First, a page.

If as a private sector worker you paid into a pension and suddenly the company you paid said that's grand but now you have to pay more and we will only give you back what we set out originally you would be pretty annoyed or at least you should be ;)

    ive never heard of a pay cut which is tax deductable like the pension levy is , perhaps it happens , ive just never heard of it


  • Registered Users Posts: 12,089 ✭✭✭✭P. Breathnach


    irish_bob wrote: »
    ive never heard of a pay cut which is tax deductable like the pension levy is , perhaps it happens , ive just never heard of it

    You mean all those private sector workers who have suffered pay cuts are still paying tax on what their pay used to be?


  • Registered Users Posts: 7,476 ✭✭✭ardmacha


    ive never heard of a pay cut which is tax deductable like the pension levy is , perhaps it happens , ive just never heard of it

    You've obviously lived a sheltered life. Every paycut is tax deductable. If I was earning €70000 year and now I earn €60,000 year then the government is down as much as I am, why do you think that tax revenues are down?


  • Closed Accounts Posts: 5,361 ✭✭✭Boskowski


    That's no answer.

    The simple fact is that the government is not giving $54bn of taxpayers' money to the banks.

    The banks have 'bad business' worth more than 54 billions in their books. The government allows the banks to shift said 'bad business' over into a state backed scheme for which ultimately the taxpayer will be liable. NAMA.
    If NAMA was likely to retrieve 54 billions or more the banks wouldn't shift said business. The banks consider this a good deal for themselves, the conclusion can only be it is a bad one for the taxpayer.

    So we're buying a bad bet and the worst possible outcome is 54 billions worth of red figures. While it won't be a total write-off I imagine we should not be surprised if between the actual losses and the costs of the scheme its going to be billions in the double figures.

    Nevertheless within a year we're making 54 billions available to the banks. 54 billions for which the taxpayer will be liable. Therefore I consider it a simplified but still reasonable statement to make saying 'the government is giving the banks 54 billions from the taxpayer'.


  • Registered Users Posts: 12,089 ✭✭✭✭P. Breathnach


    realcam wrote: »
    The banks have 'bad business' worth more than 54 billions in their books. The government allows the banks to shift said 'bad business' over into a state backed scheme for which ultimately the taxpayer will be liable. NAMA.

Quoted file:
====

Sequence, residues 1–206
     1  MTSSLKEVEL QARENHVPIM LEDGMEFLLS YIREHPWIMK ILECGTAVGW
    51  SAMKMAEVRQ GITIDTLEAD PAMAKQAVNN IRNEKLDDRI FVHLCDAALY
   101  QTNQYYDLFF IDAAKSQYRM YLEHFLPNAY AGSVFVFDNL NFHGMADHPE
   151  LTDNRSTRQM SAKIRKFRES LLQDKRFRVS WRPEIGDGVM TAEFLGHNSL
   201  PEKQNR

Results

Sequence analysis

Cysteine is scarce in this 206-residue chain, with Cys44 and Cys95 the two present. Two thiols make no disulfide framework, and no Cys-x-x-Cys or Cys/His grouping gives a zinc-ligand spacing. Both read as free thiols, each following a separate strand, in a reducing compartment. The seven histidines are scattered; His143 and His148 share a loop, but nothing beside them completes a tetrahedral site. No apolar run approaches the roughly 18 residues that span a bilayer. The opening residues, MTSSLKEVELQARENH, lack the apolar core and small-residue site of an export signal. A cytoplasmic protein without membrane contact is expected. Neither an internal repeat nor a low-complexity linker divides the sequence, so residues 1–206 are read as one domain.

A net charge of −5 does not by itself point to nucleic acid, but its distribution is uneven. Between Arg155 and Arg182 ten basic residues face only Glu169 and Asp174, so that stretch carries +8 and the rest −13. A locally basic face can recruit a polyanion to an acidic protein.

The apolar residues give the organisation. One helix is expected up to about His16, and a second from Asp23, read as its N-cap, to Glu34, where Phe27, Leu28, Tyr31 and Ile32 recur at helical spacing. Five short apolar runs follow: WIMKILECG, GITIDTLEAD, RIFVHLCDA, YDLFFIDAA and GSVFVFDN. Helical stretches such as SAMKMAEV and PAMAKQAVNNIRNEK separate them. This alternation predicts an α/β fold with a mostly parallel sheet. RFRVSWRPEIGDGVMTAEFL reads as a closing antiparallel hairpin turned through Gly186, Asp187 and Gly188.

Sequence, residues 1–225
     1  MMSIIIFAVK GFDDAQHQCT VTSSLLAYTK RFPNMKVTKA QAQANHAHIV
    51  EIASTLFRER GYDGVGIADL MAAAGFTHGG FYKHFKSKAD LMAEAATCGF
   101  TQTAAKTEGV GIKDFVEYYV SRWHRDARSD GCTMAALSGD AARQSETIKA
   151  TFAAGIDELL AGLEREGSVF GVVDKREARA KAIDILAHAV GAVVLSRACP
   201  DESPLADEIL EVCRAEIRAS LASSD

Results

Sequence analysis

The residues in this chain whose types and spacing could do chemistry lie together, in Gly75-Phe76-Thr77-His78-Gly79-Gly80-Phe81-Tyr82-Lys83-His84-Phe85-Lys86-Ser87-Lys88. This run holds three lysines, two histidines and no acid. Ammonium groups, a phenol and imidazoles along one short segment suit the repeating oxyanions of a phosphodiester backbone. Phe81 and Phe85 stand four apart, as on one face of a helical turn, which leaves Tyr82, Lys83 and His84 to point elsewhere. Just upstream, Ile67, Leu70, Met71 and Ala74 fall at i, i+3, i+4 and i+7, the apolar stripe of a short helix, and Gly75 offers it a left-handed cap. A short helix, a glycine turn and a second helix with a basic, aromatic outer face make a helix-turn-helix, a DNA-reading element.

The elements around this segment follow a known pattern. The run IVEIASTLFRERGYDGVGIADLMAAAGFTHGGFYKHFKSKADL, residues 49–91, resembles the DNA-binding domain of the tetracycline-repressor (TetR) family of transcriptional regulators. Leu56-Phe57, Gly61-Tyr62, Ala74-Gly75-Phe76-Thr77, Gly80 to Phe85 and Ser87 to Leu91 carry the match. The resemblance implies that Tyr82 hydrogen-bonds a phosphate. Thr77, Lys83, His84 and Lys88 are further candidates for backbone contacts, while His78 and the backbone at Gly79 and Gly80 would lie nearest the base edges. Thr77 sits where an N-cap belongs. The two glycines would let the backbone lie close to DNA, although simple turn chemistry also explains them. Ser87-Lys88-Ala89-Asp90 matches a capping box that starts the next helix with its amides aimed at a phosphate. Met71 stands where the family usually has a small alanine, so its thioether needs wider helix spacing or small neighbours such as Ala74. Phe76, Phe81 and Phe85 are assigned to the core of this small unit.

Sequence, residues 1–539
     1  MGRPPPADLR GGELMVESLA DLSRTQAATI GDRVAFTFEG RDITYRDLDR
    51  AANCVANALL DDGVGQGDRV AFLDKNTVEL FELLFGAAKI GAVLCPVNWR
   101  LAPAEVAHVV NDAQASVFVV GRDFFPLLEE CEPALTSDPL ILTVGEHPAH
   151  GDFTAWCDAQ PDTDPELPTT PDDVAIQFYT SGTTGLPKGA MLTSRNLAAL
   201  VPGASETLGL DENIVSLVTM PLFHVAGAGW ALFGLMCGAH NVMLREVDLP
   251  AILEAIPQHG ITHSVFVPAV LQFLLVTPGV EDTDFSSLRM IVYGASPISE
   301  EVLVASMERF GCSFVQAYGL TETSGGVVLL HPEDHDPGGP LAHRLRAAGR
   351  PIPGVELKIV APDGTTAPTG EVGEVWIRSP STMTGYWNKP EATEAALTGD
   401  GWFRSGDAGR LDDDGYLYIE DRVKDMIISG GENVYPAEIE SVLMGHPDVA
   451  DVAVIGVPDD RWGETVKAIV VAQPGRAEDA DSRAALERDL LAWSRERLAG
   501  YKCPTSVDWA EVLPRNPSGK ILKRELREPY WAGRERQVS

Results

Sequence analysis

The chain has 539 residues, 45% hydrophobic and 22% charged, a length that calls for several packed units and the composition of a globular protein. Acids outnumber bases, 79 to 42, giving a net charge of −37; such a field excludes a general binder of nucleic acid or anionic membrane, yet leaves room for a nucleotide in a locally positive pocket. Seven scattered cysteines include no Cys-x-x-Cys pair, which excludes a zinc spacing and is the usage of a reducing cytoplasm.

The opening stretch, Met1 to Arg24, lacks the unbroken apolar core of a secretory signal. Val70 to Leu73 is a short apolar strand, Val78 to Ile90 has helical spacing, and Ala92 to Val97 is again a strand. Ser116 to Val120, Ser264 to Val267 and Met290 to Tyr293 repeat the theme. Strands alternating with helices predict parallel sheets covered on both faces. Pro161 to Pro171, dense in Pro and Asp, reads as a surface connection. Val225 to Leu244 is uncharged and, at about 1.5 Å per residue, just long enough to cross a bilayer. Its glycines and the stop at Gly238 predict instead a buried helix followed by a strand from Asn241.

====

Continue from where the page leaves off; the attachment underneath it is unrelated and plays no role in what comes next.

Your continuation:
If NAMA was likely to retrieve 54 billions or more the banks wouldn't shift said business. The banks consider this a good deal for themselves, the conclusion can only be it is a bad one for the taxpayer.

    So we're buying a bad bet and the worst possible outcome is 54 billions worth of red figures. While it won't be a total write-off I imagine we should not be surprised if between the actual losses and the costs of the scheme its going to be billions in the double figures.

    Nevertheless within a year we're making 54 billions available to the banks. 54 billions for which the taxpayer will be liable. Therefore I consider it a simplified but still reasonable statement to make saying 'the government is giving the banks 54 billions from the taxpayer'.

    NAMA will purchase assets with a current value of far less than the price being paid. How much less is unknown. Some will be worth as close to nothing as makes no appreciable difference, while a few may be worth more than the price being paid for them; it's a mixed lot.

    Yes, I believe that at the shakeout NAMA will probably cost us a large amount, but nothing like the scale of €54bn. And I don't accept that your simplified statement is accurate and, if it is not accurate, it cannot be reasonable either.


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  • Closed Accounts Posts: 254 ✭✭turly


    Yes, I believe that at the shakeout NAMA will probably cost us a large amount, but nothing like the scale of €54bn. And I don't accept that your simplified statement is accurate and, if it is not accurate, it cannot be reasonable either.

    So what is "nothing like the scale of €54bn?" What's that, an order of magnitude less?
    Go on, tell us how much you think it will cost us. Perhaps your enlightened guess will be more "reasonable" and "accurate"?